Audiences didn't go along for the ride with Stone, and Alexander frequently finds itself on lists of the biggest box office disasters of all time. Though the movie made $167 million on a budget of $150 million, those figures don't take into account promotional costs, or that movie theaters keep as much as half of the box office revenue. Given this, it's been estimated Alexander lost about $71 million. And yet, all things considered, it probably made its money back in the long run.
What these figures don't take into account is the unexpected success of Alexander on home release formats. It has been released four times, as the theatrical cut (175 mins), a Director's Cut (167 mins), a Final Cut (214 mins), and an Ultimate Cut (207 mins). As of 2006, the theatrical and Director's cut DVDs had sold a combined 3.5 million copies. As of 2012, the Final Cut (also called Alexander Revisited) had sold around a million copies.
So that's 4.5 million DVDs sold, and a whole other version not left uncounted. If you assume each copy sold for $15 (which is a low estimate, given how expensive DVDs are in the weeks immediately after release, and how many copies sell in the first few weeks of release), that's $67.5 million, just a bit shy of the $71 million in estimated losses.
Sure these numbers aren't iron clad, but it's also probably not a terrible estimate. Assuming sales of the Ultimate Cut were comparable to those of previous version, and even marginal sales increases in the first two releases since 2006, it would seem as though Alexander finds itself in profits. In 2017, the Ultimate Cut was added to Netflix, which earned the studio yet more money.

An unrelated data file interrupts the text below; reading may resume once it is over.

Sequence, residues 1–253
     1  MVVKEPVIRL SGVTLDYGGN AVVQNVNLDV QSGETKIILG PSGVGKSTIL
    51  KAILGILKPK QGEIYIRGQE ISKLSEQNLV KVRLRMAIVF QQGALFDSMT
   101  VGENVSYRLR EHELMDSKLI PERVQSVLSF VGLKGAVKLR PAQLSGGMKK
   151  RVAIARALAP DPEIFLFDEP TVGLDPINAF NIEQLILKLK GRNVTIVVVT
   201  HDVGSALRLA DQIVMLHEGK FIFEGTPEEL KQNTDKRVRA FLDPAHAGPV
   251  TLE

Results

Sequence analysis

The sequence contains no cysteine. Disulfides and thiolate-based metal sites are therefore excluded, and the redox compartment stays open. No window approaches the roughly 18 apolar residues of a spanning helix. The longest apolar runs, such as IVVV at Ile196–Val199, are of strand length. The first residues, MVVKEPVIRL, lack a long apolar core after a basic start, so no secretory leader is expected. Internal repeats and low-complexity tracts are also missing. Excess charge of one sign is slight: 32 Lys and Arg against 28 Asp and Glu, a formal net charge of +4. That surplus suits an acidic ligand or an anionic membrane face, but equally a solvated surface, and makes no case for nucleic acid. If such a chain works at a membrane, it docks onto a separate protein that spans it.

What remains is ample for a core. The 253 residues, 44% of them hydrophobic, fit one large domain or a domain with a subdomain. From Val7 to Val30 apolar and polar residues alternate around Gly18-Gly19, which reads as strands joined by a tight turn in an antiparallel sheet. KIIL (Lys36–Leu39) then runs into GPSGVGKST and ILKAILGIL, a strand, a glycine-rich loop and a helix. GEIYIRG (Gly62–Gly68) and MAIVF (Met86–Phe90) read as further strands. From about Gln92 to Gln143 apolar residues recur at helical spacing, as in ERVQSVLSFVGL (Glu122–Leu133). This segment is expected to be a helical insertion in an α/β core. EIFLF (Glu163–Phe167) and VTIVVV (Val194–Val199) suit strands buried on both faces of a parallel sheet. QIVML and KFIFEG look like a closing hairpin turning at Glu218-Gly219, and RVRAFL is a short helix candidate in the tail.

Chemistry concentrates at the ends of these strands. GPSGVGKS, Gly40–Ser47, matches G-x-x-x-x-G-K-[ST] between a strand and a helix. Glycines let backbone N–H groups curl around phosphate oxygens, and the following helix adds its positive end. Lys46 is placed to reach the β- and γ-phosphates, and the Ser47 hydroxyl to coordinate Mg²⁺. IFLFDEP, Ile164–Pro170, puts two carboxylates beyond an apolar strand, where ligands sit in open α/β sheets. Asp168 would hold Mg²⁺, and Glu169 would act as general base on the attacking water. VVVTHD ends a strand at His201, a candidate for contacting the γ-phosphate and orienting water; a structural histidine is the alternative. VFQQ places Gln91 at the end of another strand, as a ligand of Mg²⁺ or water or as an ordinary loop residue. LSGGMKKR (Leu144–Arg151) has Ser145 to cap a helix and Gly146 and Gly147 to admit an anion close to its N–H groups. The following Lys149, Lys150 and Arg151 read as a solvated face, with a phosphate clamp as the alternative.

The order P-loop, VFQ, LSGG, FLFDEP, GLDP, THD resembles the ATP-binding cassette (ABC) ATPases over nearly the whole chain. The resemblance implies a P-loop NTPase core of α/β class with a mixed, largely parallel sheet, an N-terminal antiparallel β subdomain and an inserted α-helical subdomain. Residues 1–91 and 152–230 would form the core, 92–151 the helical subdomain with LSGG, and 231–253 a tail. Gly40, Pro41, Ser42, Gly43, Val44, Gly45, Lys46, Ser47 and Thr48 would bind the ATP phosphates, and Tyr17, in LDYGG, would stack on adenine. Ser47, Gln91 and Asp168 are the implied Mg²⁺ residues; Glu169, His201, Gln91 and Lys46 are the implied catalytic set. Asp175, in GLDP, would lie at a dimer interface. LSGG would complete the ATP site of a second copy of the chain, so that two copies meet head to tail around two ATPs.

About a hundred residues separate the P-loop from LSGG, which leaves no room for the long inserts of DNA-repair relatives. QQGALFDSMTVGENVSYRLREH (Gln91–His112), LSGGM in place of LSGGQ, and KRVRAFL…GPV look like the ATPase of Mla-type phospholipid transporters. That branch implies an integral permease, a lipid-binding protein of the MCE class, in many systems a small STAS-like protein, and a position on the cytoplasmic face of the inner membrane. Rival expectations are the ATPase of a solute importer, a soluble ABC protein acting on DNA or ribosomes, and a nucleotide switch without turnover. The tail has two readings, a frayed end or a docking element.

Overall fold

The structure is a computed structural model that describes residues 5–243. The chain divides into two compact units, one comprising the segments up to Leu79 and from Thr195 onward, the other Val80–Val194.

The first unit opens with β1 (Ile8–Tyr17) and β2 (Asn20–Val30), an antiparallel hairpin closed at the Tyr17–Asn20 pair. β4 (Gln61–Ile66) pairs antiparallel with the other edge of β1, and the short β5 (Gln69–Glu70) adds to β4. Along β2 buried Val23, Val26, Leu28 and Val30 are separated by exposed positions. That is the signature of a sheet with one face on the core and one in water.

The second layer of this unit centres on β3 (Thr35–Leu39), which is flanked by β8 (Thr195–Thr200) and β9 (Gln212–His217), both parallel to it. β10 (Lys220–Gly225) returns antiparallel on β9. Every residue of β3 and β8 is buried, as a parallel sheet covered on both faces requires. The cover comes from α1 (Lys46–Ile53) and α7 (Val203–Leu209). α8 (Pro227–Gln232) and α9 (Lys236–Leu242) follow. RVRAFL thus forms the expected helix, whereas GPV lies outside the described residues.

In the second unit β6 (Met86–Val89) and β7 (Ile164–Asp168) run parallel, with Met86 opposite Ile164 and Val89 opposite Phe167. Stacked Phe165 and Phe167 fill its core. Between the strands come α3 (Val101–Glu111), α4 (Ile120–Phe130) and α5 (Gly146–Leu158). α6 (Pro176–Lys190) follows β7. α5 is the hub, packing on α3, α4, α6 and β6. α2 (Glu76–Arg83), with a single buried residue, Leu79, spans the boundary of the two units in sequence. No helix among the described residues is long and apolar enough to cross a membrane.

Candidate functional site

A reappraisal of the film published on RogerEbert.com in 2014 states the movie did "eventually make back its production costs," though it's unclear whether this simply means the movie grossed more than it cost to make, or whether it recouped all expenses when factoring in marketing costs, theater take, and home video sales.
If you pay attention to Hollywood trade rags and sites, you probably know the story of Warcraft pretty well. If not, the 2016 fantasy epic made just $47,365,290 in the United States on a budget of about $160 million. Yikes.
But when box office numbers arrived from China, headlines started changing. On June 15, 2016, just five days after the movie was released, Wired ran the headline "Thought Warcraft Tanked? Nope - It Changed Blockbusters Forever." The article explains just how astounding Warcraft's Chinese debut was, including that it made more money in five days in China than The Force Awakens made in its entire theatrical run there.
Yet there's always someone who wants to burst your bubble. Pamela McClintock asserted, in an article published by The Hollywood Reporter in July 2016, that, though Warcraft played like gangbusters in China, it would still lose around $15 million. Fast forward to 2017, and Warcraft has earned $16,324,217 in DVD and blu-ray sales. This number doesn't take into account how much of that went into releasing the movie on home video, or how much of that total the retailers kept, but it also doesn't include digital sales and rentals. Even if Warcraft lost $15 million during its theatrical run, it will certainly make that back in the long run with numbers like those.